HALLE, Germany (Reuters) - German police have opened an investigation into a suspected arson attack on a house in eastern Germany earmarked for asylum seekers, throwing the spotlight on a town where the mayor quit last month after a far-right protest was held outside his home.
The roof of the house that was due to be used by asylum seekers in the town of Troeglitz was destroyed in the fire that broke out in the early morning but two Germans - currently the only people who live in the building - were able to escape unscathed, police said.
Joerg Wilkmann, senior state prosecutor in the eastern German city of Halle, said evidence so far suggested it was a case of “serious arson” and he could not rule out the possibility of attempted homicide.
In March the mayor of Troeglitz, Markus Nierth, resigned saying he feared for his family’s safety after authorities failed to stop a demonstration outside his house by the far-right National Democratic Party (NPD) against his plans to provide accommodation for asylum seekers.
The number of asylum seekers in German surged by about 60 percent last year, according to the statistics office, and the number of foreigners registered by the end of 2014 was 8.2 million.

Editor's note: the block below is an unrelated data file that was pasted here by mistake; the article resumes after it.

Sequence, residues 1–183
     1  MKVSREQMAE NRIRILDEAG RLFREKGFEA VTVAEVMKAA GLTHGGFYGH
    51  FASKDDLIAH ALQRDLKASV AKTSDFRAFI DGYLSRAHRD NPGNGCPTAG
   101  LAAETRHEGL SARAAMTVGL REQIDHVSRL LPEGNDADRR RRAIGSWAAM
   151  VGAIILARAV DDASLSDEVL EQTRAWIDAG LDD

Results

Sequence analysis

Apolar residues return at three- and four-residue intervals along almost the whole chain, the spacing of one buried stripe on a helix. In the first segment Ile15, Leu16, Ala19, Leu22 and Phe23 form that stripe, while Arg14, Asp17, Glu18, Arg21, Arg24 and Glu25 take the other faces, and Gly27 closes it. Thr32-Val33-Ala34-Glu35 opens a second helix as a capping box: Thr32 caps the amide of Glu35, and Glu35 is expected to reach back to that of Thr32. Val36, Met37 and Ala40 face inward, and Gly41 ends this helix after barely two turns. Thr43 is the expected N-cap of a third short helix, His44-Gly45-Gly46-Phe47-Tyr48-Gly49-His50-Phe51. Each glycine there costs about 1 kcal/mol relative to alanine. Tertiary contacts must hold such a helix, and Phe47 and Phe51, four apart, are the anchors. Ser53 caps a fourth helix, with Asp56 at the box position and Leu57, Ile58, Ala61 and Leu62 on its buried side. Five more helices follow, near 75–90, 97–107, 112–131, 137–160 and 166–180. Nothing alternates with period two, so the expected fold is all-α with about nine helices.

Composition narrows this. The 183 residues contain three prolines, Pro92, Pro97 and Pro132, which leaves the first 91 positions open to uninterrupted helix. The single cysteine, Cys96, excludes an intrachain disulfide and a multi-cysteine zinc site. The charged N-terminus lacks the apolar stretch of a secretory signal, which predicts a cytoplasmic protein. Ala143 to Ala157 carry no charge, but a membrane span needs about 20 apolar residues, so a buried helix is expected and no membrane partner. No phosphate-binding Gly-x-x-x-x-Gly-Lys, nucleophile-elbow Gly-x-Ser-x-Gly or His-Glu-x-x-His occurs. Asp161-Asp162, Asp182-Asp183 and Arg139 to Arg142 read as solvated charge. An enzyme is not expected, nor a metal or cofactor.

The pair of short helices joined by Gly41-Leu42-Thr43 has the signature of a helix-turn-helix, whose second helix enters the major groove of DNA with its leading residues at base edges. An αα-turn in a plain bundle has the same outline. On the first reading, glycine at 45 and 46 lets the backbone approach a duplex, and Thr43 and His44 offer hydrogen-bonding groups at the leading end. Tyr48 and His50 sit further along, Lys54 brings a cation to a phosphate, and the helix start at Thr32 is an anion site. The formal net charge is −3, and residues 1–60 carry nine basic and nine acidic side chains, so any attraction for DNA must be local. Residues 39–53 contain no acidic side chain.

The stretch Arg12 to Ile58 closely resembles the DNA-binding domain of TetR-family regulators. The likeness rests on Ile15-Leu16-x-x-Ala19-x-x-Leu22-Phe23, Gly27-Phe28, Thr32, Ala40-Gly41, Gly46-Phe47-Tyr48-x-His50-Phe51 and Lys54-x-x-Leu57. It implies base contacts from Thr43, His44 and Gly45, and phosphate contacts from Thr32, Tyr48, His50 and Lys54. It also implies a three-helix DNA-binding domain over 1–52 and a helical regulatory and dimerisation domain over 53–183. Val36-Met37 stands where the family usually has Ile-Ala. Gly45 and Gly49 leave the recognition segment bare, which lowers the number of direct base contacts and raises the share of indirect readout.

Concerns about immigration have come to the fore in Germany in recent months, with the grassroots movement PEGIDA (Patriotic Europeans Against the Islamisation of the West) attracting large crowds at its rallies in eastern Germany early this year, although they have since decreased.
German Vice Chancellor Sigmar Gabriel condemned the suspected arson attack, saying xenophobia had no place in Germany and refugees belonged in the country.
Justice Minister Heiko Maas said: “People who set refugees’ homes on fire are cowardly and abominable,” according to an article due to be published in German newspaper Welt am Sonntag.
Writing by Michelle Martin; Editing by Stephen Powell